|Detail of a puppet created by designer Baptiste Neis.|
Upon entering the performance space for Ruth Lawrence's Kate Crackerberry audience members were greeted by a woodland setting. A burlap path meandered from a tree stump, which was festooned with felt greenery and red berries. A soundscape of wind chimes completed the atmosphere of magic.
On the morning that I attended Kate Crackerberry the room was filled to the rafters with enthusiastic school children. They quickly got caught up in the timeless folktale of how two step- sisters foil the evil intentions of a step-mother. I say timeless because such cautionary tales have been with us for centuries. What is thought provoking is how their relevance is not diminished and how they can appeal to everyone from school children to senior citizens. What could be more appropriate for today than a tale about blended families, conflict and a persistent battle with body image?
The charm of Ruth Lawrence's adaptation is its artful simplicity. Two actors breathe life into a handful of puppets created by Baptiste Neis. The sisters are girl puppets with limbs, faces and hair but their parents are portrayed simply by crowns on sticks. The adults in the play are iconic or symbolic roles.
Kate Crackerberry is fuelled with music. Diana Daly is both composer and performer on a number of instruments. Ruth Lawrence provided lively narration. The schoolchildren in the audience readily participated by calling out suggestions, energetically clapping, stomping and dancing. They quickly caught on to the repetitive elements and urged on the action. With glee they shouted out their opinions that ranged from "Fairies don't exist!" to "Watch out for the fairies!" It was clear that no one was bored.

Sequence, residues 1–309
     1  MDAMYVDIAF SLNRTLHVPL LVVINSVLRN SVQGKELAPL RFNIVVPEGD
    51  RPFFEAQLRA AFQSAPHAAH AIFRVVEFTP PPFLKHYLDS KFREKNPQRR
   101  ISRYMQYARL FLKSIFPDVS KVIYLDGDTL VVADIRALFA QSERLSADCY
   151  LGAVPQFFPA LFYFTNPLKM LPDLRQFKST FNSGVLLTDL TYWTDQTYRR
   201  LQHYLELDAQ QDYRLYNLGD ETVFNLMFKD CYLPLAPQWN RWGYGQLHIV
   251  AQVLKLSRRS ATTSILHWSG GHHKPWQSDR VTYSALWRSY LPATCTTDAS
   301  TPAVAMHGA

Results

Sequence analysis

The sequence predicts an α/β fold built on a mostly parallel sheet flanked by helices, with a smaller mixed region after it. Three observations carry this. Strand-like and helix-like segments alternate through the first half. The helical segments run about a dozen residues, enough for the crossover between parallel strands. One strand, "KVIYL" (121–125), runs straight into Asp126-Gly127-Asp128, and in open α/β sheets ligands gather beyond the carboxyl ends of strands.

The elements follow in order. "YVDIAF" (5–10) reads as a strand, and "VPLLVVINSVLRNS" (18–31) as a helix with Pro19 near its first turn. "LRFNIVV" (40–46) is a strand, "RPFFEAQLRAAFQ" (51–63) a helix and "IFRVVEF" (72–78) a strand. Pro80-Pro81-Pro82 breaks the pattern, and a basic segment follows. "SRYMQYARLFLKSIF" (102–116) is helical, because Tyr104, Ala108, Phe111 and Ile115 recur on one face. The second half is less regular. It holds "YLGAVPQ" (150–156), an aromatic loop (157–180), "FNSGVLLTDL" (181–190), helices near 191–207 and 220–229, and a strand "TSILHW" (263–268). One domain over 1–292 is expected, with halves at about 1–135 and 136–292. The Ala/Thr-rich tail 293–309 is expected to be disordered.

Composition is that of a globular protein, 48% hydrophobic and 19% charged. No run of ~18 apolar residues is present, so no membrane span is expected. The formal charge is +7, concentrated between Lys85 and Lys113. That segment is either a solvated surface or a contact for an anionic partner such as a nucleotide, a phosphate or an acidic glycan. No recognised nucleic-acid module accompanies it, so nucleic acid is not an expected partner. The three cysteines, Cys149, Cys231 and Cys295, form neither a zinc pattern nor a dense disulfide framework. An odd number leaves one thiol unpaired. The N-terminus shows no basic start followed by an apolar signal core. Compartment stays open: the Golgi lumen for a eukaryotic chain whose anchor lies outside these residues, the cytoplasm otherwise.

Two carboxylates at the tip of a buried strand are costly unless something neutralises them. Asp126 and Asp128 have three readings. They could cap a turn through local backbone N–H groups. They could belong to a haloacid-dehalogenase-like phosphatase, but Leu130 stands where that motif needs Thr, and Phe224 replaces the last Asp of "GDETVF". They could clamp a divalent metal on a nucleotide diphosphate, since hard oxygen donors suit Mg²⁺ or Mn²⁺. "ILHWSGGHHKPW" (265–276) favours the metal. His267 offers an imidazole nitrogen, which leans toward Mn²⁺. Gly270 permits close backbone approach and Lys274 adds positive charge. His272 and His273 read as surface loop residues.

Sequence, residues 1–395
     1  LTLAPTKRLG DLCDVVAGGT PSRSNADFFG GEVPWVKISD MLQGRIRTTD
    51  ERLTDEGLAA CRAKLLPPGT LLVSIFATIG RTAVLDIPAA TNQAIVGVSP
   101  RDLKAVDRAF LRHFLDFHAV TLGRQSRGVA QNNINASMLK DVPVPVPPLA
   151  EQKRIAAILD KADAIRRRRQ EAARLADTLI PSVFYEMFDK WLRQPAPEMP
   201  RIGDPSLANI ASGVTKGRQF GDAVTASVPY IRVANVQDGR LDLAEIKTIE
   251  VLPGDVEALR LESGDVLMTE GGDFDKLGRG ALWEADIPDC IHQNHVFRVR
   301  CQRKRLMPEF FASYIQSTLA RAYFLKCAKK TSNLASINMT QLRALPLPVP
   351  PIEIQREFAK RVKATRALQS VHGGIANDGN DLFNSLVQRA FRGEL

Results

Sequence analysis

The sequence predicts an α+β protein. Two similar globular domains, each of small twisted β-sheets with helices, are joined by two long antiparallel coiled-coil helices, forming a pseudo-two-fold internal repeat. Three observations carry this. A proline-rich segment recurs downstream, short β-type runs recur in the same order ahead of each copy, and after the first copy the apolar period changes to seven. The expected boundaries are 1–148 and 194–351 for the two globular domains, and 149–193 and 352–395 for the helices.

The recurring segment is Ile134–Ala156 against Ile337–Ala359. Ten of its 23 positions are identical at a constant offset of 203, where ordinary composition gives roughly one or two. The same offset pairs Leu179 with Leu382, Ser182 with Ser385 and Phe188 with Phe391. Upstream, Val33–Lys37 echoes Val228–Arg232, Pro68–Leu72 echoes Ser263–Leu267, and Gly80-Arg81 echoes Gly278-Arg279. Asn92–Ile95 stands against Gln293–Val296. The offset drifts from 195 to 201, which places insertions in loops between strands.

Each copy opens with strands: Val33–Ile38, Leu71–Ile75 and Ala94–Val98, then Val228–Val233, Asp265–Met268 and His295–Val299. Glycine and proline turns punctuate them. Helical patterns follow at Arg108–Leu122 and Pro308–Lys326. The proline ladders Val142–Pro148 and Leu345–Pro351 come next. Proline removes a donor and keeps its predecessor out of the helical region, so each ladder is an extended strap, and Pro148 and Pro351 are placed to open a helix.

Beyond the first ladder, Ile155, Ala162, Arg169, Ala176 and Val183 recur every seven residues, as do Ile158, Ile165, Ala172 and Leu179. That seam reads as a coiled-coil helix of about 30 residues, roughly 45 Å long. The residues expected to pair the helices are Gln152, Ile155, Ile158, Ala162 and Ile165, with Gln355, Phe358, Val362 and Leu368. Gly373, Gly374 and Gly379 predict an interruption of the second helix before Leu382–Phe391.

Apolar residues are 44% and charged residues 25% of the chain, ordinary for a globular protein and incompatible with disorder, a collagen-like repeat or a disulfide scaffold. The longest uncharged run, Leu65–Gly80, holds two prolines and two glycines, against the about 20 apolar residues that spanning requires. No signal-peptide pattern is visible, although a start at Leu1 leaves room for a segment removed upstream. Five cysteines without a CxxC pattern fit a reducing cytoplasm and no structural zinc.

As the classes were getting ready to file out of the playhouse I consulted a few students. Two boys sitting beside me said their favourite part of the puppet show was when one of the heroines underwent a magical transformation at the hands of the witch-like Old Hen Woman, while two girls behind me said their favourite was the dancing fairies, which are evocatively portrayed by lights. My favourite part was watching how so many of the students waved goodbye to the puppets, wanted to pinch their noses or steal a glance behind the scenery. Kate Crackerberry, seasoned with South Coast accents, works magic on many levels.
Kate Crackerry Adapted by Ruth Lawrence, Performed by Ruth Lawrence and Baptiste Neis, Directed by Lois Brown, March 23-24, 2017 LSPU Hall, St. John's, NL.
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